Friday was my first time on your campus.

I was invited to participate in your hockey game that night, to share my talents and abilities as a local radio DJ to make your experience the best it could be. I volunteered my time and efforts - I postponed a weekend trip away with my wife and family - to facilitate games, contests and entertainment for you and your fellow SCSU sports fans. I disregarded pre-conceived notions of your campus - "party school" - to enter open-minded into your world, to be one of you and to celebrate a sport and team that you take due pride in. I gave my best for you Friday night, receiving little recognition and no compensation for it.

And you threw gum at me.

I felt it. I didn't know at the time what you'd done, but I certainly realized later as I scrubbed at a shirt and jacket messed by your blue, melted, sticky gum. It was a juvenile act on your part, really, and I wish it hadn't bothered me. But at the end of a day filled with stresses and disappointments you couldn't have known about, your gesture was humiliating and hurtful.

I wonder if - if you could have known how throwing your gum at me would have made me feel - you still would have thrown it.

And so, to the SCSU student who threw gum at me, here's what I say to you now:

You are a child and a bully, and not a bully in the archaic sense, as in "sweetheart" or "fine chap," but bully in the modern sense - one who is "cruel, insulting or threatening." Throwing gum is something disorderly children and delinquent bullies do for attention or to boost their own insecure egos. The college campus is no place for that. The college campus - including SCSU's, I would hope - is a place for advanced learning and growing, for personal maturing and finding yourself, for discovering passions and interests and career potential and pursuing them wholeheartedly, for preparing for your future and devoting yourself to success. By the time you reach college, you should know how to keep gum in your mouth and how to dispose of it properly. The world of working adults is not one of flying gum wads, and if you think that it is you are not ready for it.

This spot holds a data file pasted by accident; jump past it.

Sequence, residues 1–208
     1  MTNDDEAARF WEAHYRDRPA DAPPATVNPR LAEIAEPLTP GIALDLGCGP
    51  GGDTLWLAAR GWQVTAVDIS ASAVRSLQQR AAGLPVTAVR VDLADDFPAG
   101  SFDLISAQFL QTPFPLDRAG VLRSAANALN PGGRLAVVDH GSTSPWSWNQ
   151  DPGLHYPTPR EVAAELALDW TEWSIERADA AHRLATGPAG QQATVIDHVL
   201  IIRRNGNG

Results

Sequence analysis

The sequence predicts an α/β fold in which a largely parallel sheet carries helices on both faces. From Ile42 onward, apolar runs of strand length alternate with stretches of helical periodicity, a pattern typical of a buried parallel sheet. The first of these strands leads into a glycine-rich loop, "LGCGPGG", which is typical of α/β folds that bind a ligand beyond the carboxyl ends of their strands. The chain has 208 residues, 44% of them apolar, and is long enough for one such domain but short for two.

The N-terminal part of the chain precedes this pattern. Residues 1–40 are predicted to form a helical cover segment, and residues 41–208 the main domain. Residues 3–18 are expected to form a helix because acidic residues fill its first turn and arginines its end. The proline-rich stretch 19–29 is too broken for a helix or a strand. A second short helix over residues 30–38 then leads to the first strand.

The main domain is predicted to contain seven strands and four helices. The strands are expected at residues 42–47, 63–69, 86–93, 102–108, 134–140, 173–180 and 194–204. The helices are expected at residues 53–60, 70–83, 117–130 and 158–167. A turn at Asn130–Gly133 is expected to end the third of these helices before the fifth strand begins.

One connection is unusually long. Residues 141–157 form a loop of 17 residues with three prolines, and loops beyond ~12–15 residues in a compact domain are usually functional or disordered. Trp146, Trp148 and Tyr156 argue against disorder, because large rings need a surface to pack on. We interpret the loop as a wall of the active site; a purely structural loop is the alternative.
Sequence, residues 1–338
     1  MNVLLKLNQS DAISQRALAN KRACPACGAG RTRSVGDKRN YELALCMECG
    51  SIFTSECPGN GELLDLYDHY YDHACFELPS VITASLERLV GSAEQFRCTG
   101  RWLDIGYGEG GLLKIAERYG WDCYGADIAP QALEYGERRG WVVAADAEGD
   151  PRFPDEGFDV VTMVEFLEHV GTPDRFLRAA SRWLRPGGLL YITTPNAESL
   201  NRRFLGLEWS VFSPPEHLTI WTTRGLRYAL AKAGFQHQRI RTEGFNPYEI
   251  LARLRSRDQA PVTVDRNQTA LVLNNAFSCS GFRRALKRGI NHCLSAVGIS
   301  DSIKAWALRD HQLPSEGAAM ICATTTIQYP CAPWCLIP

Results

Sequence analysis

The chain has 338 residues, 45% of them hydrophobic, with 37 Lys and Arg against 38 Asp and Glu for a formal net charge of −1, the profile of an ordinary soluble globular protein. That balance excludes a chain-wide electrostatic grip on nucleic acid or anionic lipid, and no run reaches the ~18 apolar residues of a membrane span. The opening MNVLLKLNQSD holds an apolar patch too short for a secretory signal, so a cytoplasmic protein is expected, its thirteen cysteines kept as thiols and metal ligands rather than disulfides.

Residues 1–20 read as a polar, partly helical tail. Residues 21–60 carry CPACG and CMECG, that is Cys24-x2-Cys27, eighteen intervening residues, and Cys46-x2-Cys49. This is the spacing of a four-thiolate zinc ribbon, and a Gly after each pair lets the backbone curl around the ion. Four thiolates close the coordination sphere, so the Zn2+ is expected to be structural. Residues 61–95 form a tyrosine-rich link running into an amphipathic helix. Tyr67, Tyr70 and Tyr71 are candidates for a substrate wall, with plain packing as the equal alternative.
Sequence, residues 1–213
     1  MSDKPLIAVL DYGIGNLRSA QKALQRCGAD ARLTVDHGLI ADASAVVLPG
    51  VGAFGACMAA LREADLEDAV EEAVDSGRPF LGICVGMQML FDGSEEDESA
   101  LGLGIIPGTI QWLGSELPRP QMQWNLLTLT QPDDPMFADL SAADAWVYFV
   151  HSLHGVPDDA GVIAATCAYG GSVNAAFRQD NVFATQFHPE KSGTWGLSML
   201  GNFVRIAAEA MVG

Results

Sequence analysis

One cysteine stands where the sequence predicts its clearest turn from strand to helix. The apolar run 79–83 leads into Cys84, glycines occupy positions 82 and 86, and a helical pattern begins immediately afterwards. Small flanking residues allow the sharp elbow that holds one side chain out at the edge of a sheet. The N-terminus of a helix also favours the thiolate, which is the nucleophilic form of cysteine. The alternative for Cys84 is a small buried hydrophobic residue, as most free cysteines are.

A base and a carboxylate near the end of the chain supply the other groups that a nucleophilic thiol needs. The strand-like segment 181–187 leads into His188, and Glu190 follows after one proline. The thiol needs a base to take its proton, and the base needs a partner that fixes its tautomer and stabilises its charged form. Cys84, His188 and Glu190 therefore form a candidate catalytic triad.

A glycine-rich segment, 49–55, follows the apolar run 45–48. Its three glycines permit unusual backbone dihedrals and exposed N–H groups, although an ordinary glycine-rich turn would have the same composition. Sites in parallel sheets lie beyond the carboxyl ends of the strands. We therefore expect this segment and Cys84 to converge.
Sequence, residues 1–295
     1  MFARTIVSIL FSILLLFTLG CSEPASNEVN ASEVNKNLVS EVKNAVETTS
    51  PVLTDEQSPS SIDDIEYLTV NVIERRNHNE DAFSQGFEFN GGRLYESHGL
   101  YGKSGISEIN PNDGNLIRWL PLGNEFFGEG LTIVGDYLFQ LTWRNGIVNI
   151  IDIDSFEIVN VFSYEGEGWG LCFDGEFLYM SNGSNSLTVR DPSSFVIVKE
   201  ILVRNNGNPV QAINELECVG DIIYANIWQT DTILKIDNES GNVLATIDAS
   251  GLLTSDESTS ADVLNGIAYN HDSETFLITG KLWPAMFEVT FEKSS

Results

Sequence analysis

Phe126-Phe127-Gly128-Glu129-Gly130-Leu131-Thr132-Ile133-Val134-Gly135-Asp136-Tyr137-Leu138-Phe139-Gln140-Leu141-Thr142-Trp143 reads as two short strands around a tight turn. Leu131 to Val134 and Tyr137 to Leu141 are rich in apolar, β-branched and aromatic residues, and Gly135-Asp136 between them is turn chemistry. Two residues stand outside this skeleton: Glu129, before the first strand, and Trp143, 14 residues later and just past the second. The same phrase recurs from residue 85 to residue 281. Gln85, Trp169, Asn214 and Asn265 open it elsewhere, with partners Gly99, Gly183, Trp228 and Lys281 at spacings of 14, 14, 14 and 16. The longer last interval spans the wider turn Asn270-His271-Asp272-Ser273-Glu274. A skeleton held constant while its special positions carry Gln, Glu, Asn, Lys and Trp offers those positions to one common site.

All of these things said, I hope that I am wrong about you. I hope that you are not a child and bully. I hope that you possess a more confident attitude than I give you credit for. I hope that you understand the importance and value of the college campus you are on and are indeed devoting yourself to preparing for your future and success. I hope that you know how to chew and dispose of gum, and perhaps Friday night's incident was simply a slip or lapse in judgement. I hope that, should I attend another game on your campus, and should we ever meet in person, we could actually be cordial acquaintances with much in common.

Until then, please consider my words and do some self-reflecting. Your school is counting on you to represent it - and yourself - well.

- Adam